Sunday, April 30, 2006

Earthquake Preparedness and Probability

I live in San Francisco. Just a little over 100 years ago, the city was destroyed by an earthquake. Scientists are as sure as they can be that another major earthquake will hit San Francisco. A 62% of a 6.7 or higher in the next 30 years. I'll leave a discussion of exactly how this is calculated and what it means for a later post.

People are very, very bad at understanding probability and the math behind it. They don't grasp what this means. So let's put it another way:

If the forecast called for a 62% chance of thunderstorms tomorrow, would you take an umbrella with you?
You should. And likewise, all of us who live in the Bay Area need to be prepared for a major disaster on a daily basis. But most of us aren't.

Fortunately, I have some friends who recently held an "Armageddon Night", where we got together and talked about how to prepare for this stuff. We had someone from FEMA come and talk, and some presentations and discussions on earthquake preparedness.

Since then, I've started making real preparations. Flashlights and radios that don't need batteries. Extra food. First aid kits. Water. A "go bag" stashed in my car. I just need to get some important papers copied and I should be as set as I can be.

If you live in the Bay Area, you should make sure you're prepared, too. It's yet another thing to deal with. But having lived through the Northridge quake in Los Angeles, I know first-hand how much life can be disrupted by even a modest interruption in services.

The last time the power was out, how much were you annoyed? Inconvenienced? OK. Now the power is out. The water is out. The gas is out. The phone may be out. For several days.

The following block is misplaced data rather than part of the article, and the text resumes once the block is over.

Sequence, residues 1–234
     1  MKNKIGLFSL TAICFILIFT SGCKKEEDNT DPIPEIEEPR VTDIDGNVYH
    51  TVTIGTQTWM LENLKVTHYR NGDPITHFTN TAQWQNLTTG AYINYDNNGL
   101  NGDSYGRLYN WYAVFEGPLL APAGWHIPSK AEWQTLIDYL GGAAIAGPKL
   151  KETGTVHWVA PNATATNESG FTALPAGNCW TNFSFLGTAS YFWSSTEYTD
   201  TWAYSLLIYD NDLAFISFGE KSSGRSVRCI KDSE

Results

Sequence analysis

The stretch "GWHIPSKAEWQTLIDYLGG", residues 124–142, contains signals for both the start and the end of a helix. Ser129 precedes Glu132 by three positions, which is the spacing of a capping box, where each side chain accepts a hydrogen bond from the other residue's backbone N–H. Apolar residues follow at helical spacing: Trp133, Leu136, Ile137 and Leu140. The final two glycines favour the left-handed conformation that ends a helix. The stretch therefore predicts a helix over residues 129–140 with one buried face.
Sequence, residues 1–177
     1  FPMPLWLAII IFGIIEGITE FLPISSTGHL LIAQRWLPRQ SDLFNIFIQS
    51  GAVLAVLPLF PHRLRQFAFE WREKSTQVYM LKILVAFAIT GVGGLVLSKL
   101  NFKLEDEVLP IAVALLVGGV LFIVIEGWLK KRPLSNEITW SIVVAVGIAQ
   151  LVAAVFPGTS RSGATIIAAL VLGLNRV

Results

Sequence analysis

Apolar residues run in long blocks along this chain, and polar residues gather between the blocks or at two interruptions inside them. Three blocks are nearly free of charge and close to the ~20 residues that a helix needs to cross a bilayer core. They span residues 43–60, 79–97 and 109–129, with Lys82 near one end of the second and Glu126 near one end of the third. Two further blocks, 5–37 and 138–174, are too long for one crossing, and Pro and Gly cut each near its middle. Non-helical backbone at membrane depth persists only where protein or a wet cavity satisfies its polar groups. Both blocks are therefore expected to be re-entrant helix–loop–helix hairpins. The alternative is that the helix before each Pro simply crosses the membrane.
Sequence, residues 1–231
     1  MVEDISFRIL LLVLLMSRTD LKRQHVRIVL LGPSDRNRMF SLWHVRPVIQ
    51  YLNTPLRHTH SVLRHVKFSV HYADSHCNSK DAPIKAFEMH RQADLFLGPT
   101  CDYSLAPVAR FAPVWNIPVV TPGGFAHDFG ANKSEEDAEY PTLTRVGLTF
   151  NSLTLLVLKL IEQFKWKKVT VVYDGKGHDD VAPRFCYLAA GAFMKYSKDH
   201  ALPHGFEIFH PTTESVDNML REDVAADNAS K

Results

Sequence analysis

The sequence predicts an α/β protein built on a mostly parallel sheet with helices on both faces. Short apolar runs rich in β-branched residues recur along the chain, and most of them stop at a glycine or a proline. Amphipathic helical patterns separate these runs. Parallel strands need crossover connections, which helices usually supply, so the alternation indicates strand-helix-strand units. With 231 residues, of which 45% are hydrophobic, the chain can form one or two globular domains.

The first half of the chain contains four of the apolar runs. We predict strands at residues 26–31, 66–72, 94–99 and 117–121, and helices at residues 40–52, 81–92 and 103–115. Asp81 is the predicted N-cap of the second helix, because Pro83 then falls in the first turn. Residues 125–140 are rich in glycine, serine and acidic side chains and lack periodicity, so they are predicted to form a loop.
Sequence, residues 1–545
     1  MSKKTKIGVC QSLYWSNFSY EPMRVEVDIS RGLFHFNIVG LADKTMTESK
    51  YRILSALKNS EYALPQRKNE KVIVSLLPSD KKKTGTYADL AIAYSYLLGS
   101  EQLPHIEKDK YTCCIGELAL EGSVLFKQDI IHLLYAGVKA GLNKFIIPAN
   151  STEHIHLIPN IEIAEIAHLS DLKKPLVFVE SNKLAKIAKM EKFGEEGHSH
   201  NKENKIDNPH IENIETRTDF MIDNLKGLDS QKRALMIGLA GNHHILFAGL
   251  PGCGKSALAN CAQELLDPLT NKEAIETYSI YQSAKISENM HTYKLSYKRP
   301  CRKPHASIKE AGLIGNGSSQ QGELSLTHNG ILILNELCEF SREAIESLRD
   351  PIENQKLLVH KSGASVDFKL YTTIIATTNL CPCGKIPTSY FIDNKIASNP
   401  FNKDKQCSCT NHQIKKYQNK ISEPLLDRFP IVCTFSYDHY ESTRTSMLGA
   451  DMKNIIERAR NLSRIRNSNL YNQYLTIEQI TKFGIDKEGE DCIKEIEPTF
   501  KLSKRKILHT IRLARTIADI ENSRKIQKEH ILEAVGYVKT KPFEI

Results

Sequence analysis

The only thing you can do is to act now. So do it. And read Nassim Nicholas Taleb's "Fooled By Randomness".

Wednesday, April 26, 2006

Dr. Greg Kimble (1917-2006)

I just found out that Dr. Greg Kimble passed away.

You can read the link to his obituary above and read about his achievements in psychology, but that really doesn't provide a full picture.

Dr. Kimble had a profound effect on my life. I first met him in 1982, my second year at Duke University's Talent Identification Program. He was teaching Introductory Psychology. I had never had a teacher or classroom experience like Dr. Kimble's, and had never been so excited about learning. Nor had I been so challenged. I took the next class he taught ("Thinking, Knowing, and Problem Solving") without even reading the description.

When I finished my first class with him, I asked him to sign the textbook we used (which he had written with Norm Garmezy and Ed Ziglar - names I can rattle off 20 years later because I studied the book so much!). He wrote:
Anu - So much seems to be going on underneath the surface. Peace!
- Greg
Of course, he was right, and I've never forgotten his insight, pithiness, and brevity.

Over the next few years we had other interactions - I was asked to speak on TIP's behalf a few times, and Dr. Kimble (along with Dr. Robert Sawyer) was always there, smiling. I attended TIP's first alumni reunion, and he was there. Remembered us all. I eventually became the first alumni member to serve on the TIP advisory board, and he came to many of the meetings.